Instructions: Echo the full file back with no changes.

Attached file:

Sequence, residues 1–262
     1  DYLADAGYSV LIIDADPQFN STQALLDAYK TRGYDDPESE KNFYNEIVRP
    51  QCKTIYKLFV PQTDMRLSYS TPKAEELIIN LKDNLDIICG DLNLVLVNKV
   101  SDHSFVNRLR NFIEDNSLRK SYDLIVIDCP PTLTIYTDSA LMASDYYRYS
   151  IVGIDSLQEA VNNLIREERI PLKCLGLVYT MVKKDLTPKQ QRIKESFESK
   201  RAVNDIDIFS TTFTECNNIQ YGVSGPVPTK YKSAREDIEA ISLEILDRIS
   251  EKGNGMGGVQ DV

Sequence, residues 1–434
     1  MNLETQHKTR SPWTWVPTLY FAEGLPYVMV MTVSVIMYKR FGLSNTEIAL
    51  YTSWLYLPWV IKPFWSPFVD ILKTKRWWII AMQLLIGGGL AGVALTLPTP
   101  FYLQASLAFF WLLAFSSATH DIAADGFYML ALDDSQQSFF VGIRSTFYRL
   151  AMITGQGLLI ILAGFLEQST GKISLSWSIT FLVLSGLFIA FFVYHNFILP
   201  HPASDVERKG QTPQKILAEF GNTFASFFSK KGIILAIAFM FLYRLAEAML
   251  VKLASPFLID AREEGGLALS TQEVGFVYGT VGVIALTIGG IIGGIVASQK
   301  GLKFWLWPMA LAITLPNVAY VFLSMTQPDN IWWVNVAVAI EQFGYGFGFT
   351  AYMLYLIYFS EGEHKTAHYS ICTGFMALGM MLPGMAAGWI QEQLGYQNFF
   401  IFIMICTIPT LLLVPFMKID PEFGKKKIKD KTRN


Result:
Sequence, residues 1–262
     1  DYLADAGYSV LIIDADPQFN STQALLDAYK TRGYDDPESE KNFYNEIVRP
    51  QCKTIYKLFV PQTDMRLSYS TPKAEELIIN LKDNLDIICG DLNLVLVNKV
   101  SDHSFVNRLR NFIEDNSLRK SYDLIVIDCP PTLTIYTDSA LMASDYYRYS
   151  IVGIDSLQEA VNNLIREERI PLKCLGLVYT MVKKDLTPKQ QRIKESFESK
   201  RAVNDIDIFS TTFTECNNIQ YGVSGPVPTK YKSAREDIEA ISLEILDRIS
   251  EKGNGMGGVQ DV

Sequence, residues 1–434
     1  MNLETQHKTR SPWTWVPTLY FAEGLPYVMV MTVSVIMYKR FGLSNTEIAL
    51  YTSWLYLPWV IKPFWSPFVD ILKTKRWWII AMQLLIGGGL AGVALTLPTP
   101  FYLQASLAFF WLLAFSSATH DIAADGFYML ALDDSQQSFF VGIRSTFYRL
   151  AMITGQGLLI ILAGFLEQST GKISLSWSIT FLVLSGLFIA FFVYHNFILP
   201  HPASDVERKG QTPQKILAEF GNTFASFFSK KGIILAIAFM FLYRLAEAML
   251  VKLASPFLID AREEGGLALS TQEVGFVYGT VGVIALTIGG IIGGIVASQK
   301  GLKFWLWPMA LAITLPNVAY VFLSMTQPDN IWWVNVAVAI EQFGYGFGFT
   351  AYMLYLIYFS EGEHKTAHYS ICTGFMALGM MLPGMAAGWI QEQLGYQNFF
   401  IFIMICTIPT LLLVPFMKID PEFGKKKIKD KTRN